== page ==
These past days were truly blessed days to be a “temporary” citizen of Rome. Two popes were canonized at a Mass celebrated by two popes–what has been termed in much of the Catholic world as “the Mass of four popes”.
Here is a little bit of a chronicle of the fateful day, which actually started the night before, as the center of Rome became a pilgrimage spot and its streets were filled with excitement for the Church’s two new saints: John XXIII and John Paul II.
Trinità dei Monti:
The evening began at the top of the Spanish Steps, at the church called Trinità dei Monti, which is actually a monastery of the Monastic Community of Jerusalem. The church is my spot to go for Vespers, the Evening Prayer of the Church, because of the monks and nuns who sing the psalms there in four-part harmony. I first came across this community at their home church of Saint-Gervais in Paris.
The church was packed with French-speaking pilgrims and those who just happened to wander into the church at the top of the famous steps. The community sang Vespers in French, and the congregation joined in their parts, amazingly finding their spot in the harmony. As I looked around, what struck me was the youth of those who were there to pray: young single people, young couples with children, and the monks and nuns who are mostly young French men and women.
I have always been struck by the beauty of French spirituality, its simplicity and its profundity, with such saints as Therese of Lisieux, Joan of Arc, and John Vianney. The French are known today as a pretty secular bunch, but the beauty of faith is that it gives those who “tap into” it access to the incredible depth of a culture formed by Christ, the “eldest daughter of the Church”, as France is known.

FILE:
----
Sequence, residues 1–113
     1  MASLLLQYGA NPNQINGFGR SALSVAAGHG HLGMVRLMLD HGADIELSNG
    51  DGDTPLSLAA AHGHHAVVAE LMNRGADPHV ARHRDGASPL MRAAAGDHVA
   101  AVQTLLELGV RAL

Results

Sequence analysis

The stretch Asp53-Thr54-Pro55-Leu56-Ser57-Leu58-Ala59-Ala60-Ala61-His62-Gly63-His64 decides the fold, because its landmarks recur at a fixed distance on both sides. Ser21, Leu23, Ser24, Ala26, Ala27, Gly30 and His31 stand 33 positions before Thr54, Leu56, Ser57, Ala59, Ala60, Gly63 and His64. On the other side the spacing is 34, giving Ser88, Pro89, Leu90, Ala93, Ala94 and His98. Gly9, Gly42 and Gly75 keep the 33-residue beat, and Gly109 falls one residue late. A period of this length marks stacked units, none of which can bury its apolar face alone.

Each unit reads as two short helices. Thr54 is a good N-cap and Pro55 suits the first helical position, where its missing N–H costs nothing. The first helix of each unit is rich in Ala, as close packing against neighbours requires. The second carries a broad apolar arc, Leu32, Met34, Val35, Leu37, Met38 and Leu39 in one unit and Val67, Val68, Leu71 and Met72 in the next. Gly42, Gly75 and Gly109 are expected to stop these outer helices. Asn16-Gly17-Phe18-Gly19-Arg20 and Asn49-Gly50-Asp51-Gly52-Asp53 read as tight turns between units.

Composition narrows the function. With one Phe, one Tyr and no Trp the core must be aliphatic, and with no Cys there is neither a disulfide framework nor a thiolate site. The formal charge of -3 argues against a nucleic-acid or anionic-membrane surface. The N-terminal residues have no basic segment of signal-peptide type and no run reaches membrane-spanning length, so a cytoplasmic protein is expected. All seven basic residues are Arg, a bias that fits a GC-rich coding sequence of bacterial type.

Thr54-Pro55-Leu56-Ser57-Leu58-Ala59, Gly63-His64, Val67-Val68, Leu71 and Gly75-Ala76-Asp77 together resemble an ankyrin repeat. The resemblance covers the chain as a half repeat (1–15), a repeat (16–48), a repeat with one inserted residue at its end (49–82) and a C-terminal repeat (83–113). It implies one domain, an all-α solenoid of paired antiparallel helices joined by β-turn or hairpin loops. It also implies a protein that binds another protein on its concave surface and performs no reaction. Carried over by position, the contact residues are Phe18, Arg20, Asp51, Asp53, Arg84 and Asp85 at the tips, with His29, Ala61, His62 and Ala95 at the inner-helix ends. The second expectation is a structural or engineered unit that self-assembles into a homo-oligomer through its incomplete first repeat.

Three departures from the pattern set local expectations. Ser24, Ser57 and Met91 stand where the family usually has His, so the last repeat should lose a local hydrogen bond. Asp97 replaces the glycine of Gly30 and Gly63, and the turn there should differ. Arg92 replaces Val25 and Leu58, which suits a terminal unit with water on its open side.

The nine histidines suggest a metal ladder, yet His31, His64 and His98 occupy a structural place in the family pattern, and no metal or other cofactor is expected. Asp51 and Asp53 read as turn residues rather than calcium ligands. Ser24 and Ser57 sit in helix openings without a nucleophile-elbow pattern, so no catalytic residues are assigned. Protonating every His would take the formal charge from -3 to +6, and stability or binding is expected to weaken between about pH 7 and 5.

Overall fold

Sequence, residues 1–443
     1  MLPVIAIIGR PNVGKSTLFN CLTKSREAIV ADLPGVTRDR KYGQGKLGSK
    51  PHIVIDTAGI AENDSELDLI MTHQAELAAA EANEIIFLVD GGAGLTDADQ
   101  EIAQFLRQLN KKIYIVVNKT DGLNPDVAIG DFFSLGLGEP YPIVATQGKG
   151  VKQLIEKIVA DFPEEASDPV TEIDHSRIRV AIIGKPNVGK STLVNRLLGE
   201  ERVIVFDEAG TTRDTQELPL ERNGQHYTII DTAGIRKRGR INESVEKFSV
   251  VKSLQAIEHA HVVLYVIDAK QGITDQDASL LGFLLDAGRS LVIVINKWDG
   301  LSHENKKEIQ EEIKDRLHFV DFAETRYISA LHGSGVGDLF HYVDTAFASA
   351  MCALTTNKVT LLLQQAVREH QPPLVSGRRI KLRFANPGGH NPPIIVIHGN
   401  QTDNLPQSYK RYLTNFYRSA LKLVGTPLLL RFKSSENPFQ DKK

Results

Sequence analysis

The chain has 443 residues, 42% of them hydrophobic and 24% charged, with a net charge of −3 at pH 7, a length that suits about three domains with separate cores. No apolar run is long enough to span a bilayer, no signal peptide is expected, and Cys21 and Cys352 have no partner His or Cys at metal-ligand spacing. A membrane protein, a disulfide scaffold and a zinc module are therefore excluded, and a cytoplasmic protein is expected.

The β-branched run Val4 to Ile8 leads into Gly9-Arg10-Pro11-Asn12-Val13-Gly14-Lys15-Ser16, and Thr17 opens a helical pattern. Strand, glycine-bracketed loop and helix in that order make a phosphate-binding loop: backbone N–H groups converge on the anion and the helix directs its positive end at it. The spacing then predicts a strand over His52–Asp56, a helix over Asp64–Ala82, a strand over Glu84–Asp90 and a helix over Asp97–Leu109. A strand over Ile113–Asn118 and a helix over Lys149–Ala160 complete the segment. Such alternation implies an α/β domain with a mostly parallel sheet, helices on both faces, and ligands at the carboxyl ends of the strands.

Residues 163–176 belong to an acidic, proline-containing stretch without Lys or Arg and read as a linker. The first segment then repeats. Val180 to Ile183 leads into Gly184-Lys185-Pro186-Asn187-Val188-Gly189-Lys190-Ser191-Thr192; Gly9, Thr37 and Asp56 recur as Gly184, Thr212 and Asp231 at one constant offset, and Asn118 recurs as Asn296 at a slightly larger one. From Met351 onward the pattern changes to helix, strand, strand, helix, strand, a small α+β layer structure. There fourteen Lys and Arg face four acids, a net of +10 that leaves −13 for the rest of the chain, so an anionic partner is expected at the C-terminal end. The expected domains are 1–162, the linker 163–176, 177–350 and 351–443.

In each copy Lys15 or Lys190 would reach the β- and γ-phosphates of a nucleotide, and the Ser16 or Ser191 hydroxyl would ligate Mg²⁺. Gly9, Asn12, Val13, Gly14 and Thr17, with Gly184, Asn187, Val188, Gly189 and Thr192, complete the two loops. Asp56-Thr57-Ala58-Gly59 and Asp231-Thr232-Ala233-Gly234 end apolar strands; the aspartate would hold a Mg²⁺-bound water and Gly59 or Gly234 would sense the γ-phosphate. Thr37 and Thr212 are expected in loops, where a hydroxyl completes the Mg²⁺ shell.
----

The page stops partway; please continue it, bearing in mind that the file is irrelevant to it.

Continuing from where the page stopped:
Here is a clip of their singing from their monastery in Quebec:
After a brief stop at Sant’Andrea della Valle, where my friends from Communion and Liberation had been asked by the Diocese of Rome to offer hospitality to other French pilgrims, I headed over to the Gesù to meet up with some priests from my house who follow the Neocatechumenal Way. The folks from “the Way” were all gathering at this Jesuit church, where St Ignatius and St Francis Xavier are buried, to keep an all night vigil before the canonization Mass.
The Neocatechumenal Way, as its name suggests, offers the spiritual richness of the catechumenal process (the process for unbaptized people to become Catholic, aka RCIA) to Catholics who may have drifted away from the Church or never tapped into the grace of the Sacraments of Initiation. They do this by forming small communities that share life together in an intense formation that often goes on for years. The “Neo-cats” began in Spain and have spread all over the world. They are well known for the many families that leave their homes to become missionaries precisely as families, and for the seminaries that have opened on every continent. I became friends with the Way while I was in Denver, where they have a seminary.
What struck me about this gathering was the great energy and enthusiasm that filled this huge baroque, Jesuit church. The contemplative experience of the Monastic Community of Jerusalem gave way to a rather raucous and joyous celebration, as many hundreds of young people–mostly Spanish and Italian–“settled in” for their vigil. The prayer vigil consisted of Vespers, a rosary, adoration, and Confession, accompanied by the powerful, energetic music for which the Way is known. Here is a link to one of their most famous songs, “Resucitò”: